by Paddy Kinsella
Like the ranchers able to tell tomorrow’s weather from the hue of the nightsky, Evil Joy shows that Aaron Dowdy knows his way around a folk song
Aaron Dowdy sings of leaving. Whether departing his ranch or the fine planet herself, the subject is his new album’s chief exploration. For a people who arrived on horseback to make a home – both from the plunder of the gold rush and the native American homeland – it’s no wonder that leaving has become central to the lore of the plains. Another essential element is the rich nature of melodrama that infuses all things country and Americana and, as a result, we’ll never know whether the album’s narrator did indeed act on their word.
For a record about leaving, Evil Joy couldn’t be more tied to the land, and that’s indicative of the internal quarrel the people of the plains fall victim to. It’s imbued with phrases worn in their sands, Night on the Lam is a reference to how bounty hunters made their keep – ‘the lam’ meaning to be on the run from the police, while ‘cannonade’ uttered on the title-track refers to a period of continuous heavy gunfire. There are names too – Jackie, Billy, Mama and baby – and a yarn on the famine season in Long Hard Days in April.
Plenty have written songs infused by a territory’s history, but while the lore may be timeless, it’s never a given that the songs will share that quality. The songs on Evil Joy, though, instantly feel like a timepiece passed down: one so precious it has its own dedicated safe place. These are songs you start to sing along with on first listen, and tales you make your own. Dowdy is clearly someone learned in the mastery of song craft. Like the ranchers able to tell tomorrow’s weather from the hue of the nightsky, Dowdy knows his way around a folk song. It’s ironic that he shares a release day with Lou Barlow, as it was another Dinosaur Jr. member, J Mascis, who brought Sibylle Baier’s now cult record to the public’s attention by passing it on to a record label, and Evil Joy is an album worthy of the same fate.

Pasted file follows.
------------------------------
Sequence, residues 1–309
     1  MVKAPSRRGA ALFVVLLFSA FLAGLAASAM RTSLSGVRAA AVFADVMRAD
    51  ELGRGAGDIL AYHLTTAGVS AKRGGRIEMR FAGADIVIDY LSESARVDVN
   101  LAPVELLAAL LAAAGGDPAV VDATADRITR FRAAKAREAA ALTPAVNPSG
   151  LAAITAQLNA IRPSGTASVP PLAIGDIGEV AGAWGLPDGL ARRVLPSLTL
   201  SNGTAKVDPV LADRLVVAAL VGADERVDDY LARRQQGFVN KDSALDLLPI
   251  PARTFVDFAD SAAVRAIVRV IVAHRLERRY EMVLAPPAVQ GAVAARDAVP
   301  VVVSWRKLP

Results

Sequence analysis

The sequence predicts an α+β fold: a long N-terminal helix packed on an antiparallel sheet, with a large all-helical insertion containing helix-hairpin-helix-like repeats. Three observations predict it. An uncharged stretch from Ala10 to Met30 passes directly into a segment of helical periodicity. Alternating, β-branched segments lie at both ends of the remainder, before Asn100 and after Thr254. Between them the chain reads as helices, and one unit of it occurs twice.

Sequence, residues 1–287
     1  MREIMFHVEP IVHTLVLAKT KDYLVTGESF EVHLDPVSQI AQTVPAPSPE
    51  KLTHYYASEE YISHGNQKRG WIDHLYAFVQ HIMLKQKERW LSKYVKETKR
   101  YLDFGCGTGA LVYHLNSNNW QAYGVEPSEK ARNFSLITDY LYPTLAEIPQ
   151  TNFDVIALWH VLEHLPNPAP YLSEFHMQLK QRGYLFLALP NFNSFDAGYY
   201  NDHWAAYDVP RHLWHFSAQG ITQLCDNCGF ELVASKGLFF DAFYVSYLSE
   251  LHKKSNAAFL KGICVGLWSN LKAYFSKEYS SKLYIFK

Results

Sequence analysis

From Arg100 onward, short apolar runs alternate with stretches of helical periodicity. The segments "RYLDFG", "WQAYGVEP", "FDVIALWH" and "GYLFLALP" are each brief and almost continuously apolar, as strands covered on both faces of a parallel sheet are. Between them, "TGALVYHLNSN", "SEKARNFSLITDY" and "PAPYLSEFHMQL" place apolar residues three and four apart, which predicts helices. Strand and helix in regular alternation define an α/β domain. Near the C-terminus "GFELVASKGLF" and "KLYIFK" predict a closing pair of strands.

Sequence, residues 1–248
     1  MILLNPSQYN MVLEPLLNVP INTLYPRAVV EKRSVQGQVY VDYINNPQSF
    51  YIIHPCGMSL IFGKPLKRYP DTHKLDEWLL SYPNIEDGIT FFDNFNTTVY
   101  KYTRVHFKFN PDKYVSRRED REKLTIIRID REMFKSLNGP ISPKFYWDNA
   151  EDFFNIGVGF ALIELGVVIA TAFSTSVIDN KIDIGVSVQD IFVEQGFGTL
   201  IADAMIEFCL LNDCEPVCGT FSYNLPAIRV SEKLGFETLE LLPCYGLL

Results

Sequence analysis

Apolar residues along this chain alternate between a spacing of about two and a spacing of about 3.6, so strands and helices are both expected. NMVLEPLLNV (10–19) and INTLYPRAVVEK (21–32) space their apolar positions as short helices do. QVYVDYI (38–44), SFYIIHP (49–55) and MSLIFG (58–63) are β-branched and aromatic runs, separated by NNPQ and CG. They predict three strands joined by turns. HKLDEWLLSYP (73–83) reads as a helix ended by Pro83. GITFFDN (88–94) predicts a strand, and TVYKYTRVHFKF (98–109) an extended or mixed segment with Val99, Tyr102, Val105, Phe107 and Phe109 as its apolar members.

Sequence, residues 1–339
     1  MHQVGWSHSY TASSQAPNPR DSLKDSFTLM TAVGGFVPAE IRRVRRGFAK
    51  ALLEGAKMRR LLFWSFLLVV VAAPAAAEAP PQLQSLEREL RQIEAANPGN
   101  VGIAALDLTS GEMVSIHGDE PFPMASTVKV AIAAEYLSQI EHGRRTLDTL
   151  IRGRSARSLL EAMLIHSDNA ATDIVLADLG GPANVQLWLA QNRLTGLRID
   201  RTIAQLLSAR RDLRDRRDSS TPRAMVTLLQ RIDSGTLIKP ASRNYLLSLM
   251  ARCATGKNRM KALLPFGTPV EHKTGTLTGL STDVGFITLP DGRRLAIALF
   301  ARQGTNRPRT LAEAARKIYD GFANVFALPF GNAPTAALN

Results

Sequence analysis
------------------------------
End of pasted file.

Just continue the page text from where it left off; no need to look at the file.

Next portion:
Leaving is a subject that has been well-ploughed in the arts. James Baldwin perhaps spoke with most wisdom on the topic, writing in Giovanni’s Room: ‘Having run so far, so hard, across the ocean even, only to find myself brought up short once more before the bulldog in my own backyard — the yard, in the meantime, having grown smaller and the bulldog bigger.’ The narrator’s fate on Evil Joy remains unknown, but I can only hope, for their sake, that these songs watered their roots just as they did mine. If they, or indeed you, do fall victim to the temptation of leaving, however, these songs aren’t something you can leave behind – and like that bulldog, their bark late in the night will leave you longing and eventually making for home.
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